Open Science (OS) and Citizen Science (CS) are two distinct but related concepts that can significantly improve the quality of scientific and innovation outputs, whilst also promoting public engagement with science and technology, openness, and active citizenship.
By promoting transparency and collaboration, OS can help to reduce bias and improve the quality of scientific research outputs. It can also lead to a more efficient and effective use of research resources and increase the relevance and impact of scientific research to society.
Citizen Science, on the other hand, involves the active participation of members of the public in scientific research projects. CS can take many forms, including collecting data, conducting experiments, or analysing data, among others. It provides an opportunity for individuals and communities to engage with scientific research, contribute to scientific discovery, and develop a better understanding of scientific issues. CS can also help to democratise scientific research by involving people who may not have formal or informal scientific training or access to any research resources. By involving a broader range of participants in scientific research, it can generate new ideas and perspectives, thus promoting innovation.
Together, OS and CS can complement each other and lead to a more inclusive, transparent, and collaborative scientific research ecosystem. They can also promote public engagement with science and technology, which are essential for building a more sustainable and equitable society.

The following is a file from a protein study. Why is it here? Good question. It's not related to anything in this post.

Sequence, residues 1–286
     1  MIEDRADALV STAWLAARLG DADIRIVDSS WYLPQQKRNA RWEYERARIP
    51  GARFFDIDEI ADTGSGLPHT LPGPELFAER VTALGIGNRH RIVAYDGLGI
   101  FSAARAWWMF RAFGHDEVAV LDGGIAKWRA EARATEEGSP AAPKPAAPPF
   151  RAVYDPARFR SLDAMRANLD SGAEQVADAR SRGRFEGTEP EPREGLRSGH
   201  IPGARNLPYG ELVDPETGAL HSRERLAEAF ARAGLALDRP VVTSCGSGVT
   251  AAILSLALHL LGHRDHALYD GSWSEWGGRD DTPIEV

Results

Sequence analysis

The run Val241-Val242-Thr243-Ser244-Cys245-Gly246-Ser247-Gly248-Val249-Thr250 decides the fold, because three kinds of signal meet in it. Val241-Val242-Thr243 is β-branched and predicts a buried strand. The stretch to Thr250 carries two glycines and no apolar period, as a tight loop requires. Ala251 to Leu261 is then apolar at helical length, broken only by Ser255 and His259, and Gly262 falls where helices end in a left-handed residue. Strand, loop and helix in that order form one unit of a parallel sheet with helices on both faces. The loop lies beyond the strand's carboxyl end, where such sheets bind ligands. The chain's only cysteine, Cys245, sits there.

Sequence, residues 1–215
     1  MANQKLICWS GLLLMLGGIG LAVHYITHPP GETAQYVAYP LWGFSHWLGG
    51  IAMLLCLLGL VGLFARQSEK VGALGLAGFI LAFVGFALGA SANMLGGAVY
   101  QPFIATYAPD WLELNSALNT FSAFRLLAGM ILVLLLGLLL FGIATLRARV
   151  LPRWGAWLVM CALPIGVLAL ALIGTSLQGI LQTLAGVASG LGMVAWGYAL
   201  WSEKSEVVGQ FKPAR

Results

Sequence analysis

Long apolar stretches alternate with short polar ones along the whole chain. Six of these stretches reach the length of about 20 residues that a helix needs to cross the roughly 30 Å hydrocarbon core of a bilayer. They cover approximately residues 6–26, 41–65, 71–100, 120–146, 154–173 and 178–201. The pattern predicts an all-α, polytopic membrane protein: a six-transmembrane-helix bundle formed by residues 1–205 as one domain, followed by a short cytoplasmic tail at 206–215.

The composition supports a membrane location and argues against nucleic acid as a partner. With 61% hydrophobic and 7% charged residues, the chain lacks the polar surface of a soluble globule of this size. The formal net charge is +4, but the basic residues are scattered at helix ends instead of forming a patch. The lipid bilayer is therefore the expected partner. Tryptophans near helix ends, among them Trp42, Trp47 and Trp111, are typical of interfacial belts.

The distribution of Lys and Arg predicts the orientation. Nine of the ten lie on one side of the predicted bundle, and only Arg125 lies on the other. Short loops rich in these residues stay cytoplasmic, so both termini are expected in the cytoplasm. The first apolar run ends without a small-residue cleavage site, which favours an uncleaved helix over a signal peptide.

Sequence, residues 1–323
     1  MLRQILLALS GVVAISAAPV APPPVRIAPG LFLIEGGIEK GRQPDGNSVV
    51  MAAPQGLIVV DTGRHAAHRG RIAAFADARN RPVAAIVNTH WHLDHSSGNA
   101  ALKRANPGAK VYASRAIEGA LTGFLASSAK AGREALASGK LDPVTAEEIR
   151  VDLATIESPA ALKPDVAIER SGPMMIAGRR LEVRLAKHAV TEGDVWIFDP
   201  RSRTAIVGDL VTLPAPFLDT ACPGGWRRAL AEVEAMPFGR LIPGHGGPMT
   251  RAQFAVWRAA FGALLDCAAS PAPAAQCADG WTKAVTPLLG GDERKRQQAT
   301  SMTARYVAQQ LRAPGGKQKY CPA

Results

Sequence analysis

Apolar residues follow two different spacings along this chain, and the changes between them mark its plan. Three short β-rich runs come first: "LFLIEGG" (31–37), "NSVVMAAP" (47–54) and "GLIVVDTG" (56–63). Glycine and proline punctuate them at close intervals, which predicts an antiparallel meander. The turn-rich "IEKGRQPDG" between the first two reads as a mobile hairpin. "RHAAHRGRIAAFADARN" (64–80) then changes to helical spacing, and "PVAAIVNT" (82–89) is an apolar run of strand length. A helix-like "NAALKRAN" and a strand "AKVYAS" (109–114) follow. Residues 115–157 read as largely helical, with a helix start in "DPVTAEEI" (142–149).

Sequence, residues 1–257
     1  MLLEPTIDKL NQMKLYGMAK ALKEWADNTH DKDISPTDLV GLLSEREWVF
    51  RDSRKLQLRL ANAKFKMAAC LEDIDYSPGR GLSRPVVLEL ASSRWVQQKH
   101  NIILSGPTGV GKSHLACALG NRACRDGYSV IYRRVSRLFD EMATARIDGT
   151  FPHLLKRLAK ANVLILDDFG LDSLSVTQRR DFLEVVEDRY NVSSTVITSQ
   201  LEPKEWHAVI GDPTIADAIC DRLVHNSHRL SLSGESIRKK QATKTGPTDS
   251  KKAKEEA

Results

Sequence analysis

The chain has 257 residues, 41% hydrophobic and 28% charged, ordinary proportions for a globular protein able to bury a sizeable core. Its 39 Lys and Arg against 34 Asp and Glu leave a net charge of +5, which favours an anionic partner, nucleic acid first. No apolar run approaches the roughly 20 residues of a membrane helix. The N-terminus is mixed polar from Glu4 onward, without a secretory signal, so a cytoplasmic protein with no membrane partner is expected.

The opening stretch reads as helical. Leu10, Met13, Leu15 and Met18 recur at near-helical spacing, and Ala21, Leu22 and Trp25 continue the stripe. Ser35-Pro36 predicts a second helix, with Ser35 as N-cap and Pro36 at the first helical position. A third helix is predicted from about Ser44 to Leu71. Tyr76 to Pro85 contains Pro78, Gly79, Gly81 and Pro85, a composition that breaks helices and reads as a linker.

This roadmap is designed to assist Higher Education Institutions (HEIs) and research libraries in enhancing the educational, scientific, innovative, and social impact of their OS/CS activities. It provides guidance on how to organise and facilitate these activities effectively, including identifying the right participants, setting clear goals, and selecting appropriate tools and resources. The roadmap also includes information on how to measure and evaluate the impact of these activities, as well as best practices for promoting and sustaining engagement among participants. It is also of interest to independent initiatives that are organising OS/CS activities.
In addition, the identification of essential skills for librarians engaged in Citizen Science initiatives includes communication, analytical, educational, and social media skills. Looking ahead, strategic reflections for research libraries encompass partnerships, institutionalisation, prioritisation, policy and strategy. In terms of operational actions, research libraries are advised to conduct mappings of researchers and projects, identify and utilise existing competences, expand infrastructure and services, and incorporate Citizen Science into the educational process.
Overall, the roadmap provides a valuable resource for any organisation or individual looking to promote and engage in OS and CS activities. Also, by following the guidance provided in the roadmap, independent initiatives can enhance activity impact and participant engagement.
Authors: Aleksandra Trtovac, PhD, and Nataša Dakić, PhD, UNILIB